Whitehead wins 2017 Clark Fiction Prize for ‘Underground Railroad’
Posted by Jayme Blaschke
Office of Media Relations
December 13, 2017
Colson Whitehead’s novel, The Underground Railroad, has won the 2017 L.D. and LaVerne Harrell Clark Fiction Prize. The prize of $25,000 is one of the largest literary awards in the United States.
Established at Texas State University in 2016 and administered by the Department of English, the prize is designed to recognize an exceptional, recently-published book-length work of fiction in celebration of the Clarks’ lifelong contributions to, and love for, literature and the arts. Whitehead will be honored April 4, 2018, at the Wittliff Collections in Texas State’s Alkek Library.
The Underground Railroad, which has also won the Pulitzer Prize for fiction and the National Book Award, chronicles a young slave’s harrowing adventures as she makes a desperate bid for freedom in the antebellum South. In Whitehead’s conception, the Underground Railroad is no mere metaphor—engineers and conductors operate a secret network of tracks and tunnels beneath the Southern soil. The protagonist, Cora, encounters different worlds at each stage of her journey—hers is an odyssey through time as well as space. As Whitehead re-creates the unique terrors for black people in the pre-Civil War era, his narrative seamlessly weaves the saga of America, from the brutal importation of Africans to the unfulfilled promises of the present day.
Whitehead is the author of six novels, including Sag Harbor, which was a finalist for the PEN/Faulkner Award; John Henry Days, which was a finalist for the National Book Award; and The Intuitionist, which was a finalist for the PEN/Hemingway Award; as well as two critically-acclaimed works of nonfiction, The Colossus of New York and The Noble Hustle. A recipient of a Guggenheim Fellowship, a MacArthur “Genius Grant,” and the Whiting Award, Whitehead lives in New York.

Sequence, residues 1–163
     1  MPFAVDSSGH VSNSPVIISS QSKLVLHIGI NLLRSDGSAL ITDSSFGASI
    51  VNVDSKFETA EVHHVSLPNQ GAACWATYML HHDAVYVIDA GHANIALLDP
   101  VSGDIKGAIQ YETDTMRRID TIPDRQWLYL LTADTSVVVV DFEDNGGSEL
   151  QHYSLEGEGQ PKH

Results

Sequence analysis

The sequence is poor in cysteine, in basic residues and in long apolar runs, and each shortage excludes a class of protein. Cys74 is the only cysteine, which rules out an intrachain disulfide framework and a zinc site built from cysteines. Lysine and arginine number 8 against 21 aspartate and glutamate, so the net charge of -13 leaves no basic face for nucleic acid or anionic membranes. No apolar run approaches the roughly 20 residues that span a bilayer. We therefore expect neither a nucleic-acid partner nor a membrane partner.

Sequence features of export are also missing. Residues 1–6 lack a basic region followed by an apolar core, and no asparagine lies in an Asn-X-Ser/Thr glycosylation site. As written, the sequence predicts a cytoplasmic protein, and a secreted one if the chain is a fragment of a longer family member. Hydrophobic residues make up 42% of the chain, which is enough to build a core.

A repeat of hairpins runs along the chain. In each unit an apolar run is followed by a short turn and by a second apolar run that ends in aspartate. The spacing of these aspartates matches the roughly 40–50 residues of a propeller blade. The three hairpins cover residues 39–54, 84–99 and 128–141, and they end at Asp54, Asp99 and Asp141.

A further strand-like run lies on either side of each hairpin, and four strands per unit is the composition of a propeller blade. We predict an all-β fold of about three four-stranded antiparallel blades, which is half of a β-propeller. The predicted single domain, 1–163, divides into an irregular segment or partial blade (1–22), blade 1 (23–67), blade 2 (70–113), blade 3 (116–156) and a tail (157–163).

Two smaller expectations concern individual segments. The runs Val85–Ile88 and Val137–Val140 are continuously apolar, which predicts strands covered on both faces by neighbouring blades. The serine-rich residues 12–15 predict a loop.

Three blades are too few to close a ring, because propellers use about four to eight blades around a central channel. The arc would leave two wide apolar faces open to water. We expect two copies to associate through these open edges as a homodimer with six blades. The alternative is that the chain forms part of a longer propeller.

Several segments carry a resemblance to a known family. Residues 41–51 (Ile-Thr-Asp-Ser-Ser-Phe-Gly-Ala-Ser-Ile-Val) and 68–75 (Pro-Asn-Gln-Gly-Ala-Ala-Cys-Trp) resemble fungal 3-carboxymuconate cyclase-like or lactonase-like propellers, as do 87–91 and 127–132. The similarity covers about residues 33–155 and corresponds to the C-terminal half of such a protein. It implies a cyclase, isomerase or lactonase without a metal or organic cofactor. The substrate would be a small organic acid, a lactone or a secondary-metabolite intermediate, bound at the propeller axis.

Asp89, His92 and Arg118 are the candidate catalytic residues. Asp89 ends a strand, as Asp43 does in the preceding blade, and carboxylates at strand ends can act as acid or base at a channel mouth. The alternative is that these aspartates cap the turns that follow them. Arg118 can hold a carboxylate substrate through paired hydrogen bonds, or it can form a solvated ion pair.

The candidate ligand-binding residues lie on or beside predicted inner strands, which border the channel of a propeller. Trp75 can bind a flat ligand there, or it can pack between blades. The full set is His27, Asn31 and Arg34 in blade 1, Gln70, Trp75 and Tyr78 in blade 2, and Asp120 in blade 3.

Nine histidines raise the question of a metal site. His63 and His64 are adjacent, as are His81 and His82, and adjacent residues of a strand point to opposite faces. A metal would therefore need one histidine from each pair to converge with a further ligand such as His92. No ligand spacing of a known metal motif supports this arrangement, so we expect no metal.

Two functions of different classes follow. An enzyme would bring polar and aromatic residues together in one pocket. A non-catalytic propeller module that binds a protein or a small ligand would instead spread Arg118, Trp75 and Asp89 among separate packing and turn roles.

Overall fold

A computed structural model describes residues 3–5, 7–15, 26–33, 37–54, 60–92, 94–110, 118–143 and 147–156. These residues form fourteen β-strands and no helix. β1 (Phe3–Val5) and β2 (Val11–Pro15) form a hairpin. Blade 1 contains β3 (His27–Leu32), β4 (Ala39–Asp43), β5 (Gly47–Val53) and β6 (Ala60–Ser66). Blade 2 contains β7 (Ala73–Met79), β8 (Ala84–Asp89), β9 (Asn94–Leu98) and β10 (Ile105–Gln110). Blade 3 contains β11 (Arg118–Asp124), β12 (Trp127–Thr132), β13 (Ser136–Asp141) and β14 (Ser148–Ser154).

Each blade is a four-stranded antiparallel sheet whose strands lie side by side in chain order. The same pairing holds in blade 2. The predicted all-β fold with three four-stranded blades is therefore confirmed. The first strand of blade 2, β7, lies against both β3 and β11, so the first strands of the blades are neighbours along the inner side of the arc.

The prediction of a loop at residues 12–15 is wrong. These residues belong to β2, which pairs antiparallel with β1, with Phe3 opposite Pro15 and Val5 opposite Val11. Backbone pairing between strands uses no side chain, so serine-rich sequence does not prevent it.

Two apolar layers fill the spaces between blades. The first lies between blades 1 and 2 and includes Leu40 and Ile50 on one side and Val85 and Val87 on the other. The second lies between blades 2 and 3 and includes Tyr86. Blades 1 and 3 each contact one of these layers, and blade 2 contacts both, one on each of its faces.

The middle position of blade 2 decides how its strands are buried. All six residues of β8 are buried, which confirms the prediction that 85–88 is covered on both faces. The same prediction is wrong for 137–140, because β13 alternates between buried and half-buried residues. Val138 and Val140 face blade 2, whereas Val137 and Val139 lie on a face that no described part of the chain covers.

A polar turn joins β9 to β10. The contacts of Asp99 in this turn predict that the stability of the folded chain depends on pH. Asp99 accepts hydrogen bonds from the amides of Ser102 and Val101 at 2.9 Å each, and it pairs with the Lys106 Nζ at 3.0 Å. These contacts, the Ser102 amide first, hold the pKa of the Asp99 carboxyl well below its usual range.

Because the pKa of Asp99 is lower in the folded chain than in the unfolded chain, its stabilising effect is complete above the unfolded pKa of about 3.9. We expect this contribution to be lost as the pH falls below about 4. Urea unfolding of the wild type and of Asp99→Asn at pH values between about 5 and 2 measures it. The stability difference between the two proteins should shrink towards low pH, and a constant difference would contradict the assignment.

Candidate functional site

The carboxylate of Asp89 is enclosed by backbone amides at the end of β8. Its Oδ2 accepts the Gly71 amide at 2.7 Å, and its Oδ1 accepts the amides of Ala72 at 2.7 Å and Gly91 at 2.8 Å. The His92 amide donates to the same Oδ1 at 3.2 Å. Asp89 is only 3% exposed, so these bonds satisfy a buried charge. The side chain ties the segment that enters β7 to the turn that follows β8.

The 2017 Clark Prize short list included The Last Painting of Sara deVos by Dominic Smith, My Name Is Lucy Barton by Elizabeth Strout and Miss Jane by Brad Watson. Nominations of works published in 2016 were solicited from 12 prominent writers on the condition of anonymity. The permanent fiction faculty at Texas State narrowed those nominations down to the short list, and author Karen Russell, Texas State’s University Endowed Chair in Creative Writing 2017-2019, made the final selection.
About the L.D. and LaVerne Harrell Clark Literary Endowment
L.D. and Laverne Harrell Clark donated their home and other property to Texas State in 2009 to create an endowment to support writers-in-residence. The Clark Literary Endowment funds the annual L.D. and Laverne Harrell Clark Fiction Prize, which is among the most generous fiction prizes in the country. It also funds a writers-in-residence program that offers one-year residencies to graduates of the Texas State MFA program at the Clarks’ historic home on Main Street in Smithville, 55 miles east of the Texas State campus. The writers-in-residence program is sponsored by the Department of English and MFA Program in Creative Writing within the College of Liberal Arts. The endowment also funds numerous scholarships for Texas State MFA students.
For more information, visit www.english.txstate.edu/clarkfictionprize.html.
About Texas State University
Founded in 1899, Texas State University is among the largest universities in Texas with an enrollment of 38,694 students on campuses in San Marcos and Round Rock. Texas State’s 181,000-plus alumni are a powerful force in serving the economic workforce needs of Texas and throughout the world. Designated an Emerging Research University by the State of Texas, Texas State is classified under “Doctoral Universities: Higher Research Activity,” the second-highest designation for research institutions under the Carnegie classification system.